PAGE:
I might break the internet if I tried to tell you everything that I learned during my year of articling at Counter. No two weeks are the same. I can do a million things or dig into a couple of large tasks. So instead of trying to capture it all, here’s a snapshot of one random week as an articling student at Counter:
1. I learned from real mentors.
Natalie was worried about a deduction that the Agency had disallowed and that a client wanted to dispute. She asked me to research any possible way that the deduction should be allowed. I identified that the client could claim the deduction if it were classified a certain way. The research wasn’t anything groundbreaking, but when I met with Natalie to talk about it, she noted that classifying the deduction this way might lead to a further assessment that, while unlikely, could be costly to the client. We wrote out our two potential arguments and listed out the consequences of each. I learned that it’s not enough to know the answer to one question: great lawyers know the answer to each resulting question.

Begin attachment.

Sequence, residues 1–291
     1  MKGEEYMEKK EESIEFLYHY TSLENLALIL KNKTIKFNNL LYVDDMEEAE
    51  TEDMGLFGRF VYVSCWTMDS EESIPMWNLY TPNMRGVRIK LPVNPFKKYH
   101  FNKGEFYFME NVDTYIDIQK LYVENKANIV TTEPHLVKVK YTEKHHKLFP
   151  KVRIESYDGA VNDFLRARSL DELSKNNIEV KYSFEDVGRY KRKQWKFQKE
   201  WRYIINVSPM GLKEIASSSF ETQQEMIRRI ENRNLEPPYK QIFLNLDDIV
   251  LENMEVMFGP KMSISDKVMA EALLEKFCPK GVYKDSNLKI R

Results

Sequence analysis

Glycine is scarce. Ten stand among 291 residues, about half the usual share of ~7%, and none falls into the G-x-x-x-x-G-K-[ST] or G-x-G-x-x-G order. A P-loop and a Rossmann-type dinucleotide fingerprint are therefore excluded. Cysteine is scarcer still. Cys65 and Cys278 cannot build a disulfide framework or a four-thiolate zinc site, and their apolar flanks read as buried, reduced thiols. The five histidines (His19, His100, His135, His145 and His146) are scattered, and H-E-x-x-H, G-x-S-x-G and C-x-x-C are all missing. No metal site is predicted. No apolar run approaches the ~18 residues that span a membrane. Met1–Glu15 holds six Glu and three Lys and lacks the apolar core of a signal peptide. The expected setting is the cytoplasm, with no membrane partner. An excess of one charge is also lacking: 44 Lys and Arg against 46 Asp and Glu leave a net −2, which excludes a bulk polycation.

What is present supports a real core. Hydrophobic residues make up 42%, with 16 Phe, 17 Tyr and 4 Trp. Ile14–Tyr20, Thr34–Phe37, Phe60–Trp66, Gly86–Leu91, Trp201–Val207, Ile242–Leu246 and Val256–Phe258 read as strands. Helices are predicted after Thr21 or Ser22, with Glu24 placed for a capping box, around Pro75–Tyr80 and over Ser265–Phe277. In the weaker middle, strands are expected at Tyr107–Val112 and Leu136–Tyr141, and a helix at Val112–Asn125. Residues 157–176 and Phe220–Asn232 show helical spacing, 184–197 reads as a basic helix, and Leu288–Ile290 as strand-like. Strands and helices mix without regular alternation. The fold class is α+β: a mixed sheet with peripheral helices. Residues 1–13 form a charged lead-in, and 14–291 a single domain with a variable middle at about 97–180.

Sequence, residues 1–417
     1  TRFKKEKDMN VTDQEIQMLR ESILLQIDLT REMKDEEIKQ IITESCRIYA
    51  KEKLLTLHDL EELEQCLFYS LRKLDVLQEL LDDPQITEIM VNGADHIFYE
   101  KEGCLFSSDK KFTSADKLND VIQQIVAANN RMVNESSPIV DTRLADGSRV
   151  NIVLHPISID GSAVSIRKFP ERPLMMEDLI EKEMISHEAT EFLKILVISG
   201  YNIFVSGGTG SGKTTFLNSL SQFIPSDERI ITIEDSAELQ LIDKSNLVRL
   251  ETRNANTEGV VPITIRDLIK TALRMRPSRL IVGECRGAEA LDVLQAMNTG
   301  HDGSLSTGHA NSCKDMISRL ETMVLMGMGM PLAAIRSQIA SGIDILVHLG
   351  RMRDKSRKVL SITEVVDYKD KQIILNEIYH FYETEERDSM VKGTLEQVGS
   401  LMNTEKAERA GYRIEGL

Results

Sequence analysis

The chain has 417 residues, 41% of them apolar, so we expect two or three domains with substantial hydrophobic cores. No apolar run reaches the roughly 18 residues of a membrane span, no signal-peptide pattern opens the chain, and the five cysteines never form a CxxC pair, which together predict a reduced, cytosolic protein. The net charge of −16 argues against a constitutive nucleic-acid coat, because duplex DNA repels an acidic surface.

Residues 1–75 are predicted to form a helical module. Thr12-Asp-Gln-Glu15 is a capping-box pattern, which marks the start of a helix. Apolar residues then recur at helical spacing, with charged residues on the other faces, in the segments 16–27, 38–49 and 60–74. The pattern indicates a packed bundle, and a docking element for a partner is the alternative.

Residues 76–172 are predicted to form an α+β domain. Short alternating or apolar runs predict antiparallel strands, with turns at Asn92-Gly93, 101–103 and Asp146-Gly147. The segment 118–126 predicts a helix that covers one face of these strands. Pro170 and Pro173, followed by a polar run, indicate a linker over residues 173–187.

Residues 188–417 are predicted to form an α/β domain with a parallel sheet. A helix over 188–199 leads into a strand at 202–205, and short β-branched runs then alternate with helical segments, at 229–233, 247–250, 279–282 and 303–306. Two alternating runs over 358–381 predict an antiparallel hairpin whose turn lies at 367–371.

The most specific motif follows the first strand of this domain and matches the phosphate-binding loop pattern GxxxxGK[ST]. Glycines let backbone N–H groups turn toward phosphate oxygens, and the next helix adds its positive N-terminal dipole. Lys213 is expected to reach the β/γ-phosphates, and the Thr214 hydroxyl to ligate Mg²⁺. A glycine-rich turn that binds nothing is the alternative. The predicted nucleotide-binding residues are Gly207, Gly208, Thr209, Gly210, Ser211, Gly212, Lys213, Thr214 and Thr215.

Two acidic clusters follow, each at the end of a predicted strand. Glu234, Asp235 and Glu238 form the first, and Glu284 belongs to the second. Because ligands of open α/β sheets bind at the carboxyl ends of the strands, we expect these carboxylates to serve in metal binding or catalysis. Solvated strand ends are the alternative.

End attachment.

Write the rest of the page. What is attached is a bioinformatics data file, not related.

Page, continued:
2. I used CounterMeasure to break down a case and develop the right litigation strategy.
We are working on a Tax Court appeal where the Agency assessed penalties, increased income, and disallowed losses all based on the “lack of documents” (there were plenty of documents). As we do in all our files, we started mapping out a litigation tree in CounterMeasure that identifies each decision a client will need to make and all the potential outcomes. I needed to identify the financial impact of each outcome. At times, breaking down a case like this can be tedious and time-consuming, but CounterMeasure helps and it really provides a clear understanding of the best strategy, the litigation process, and the dollar value of each issue in the appeal. In the end, we drafted a recommendation to the client that was based on the law, facts, and CounterMeasure analysis.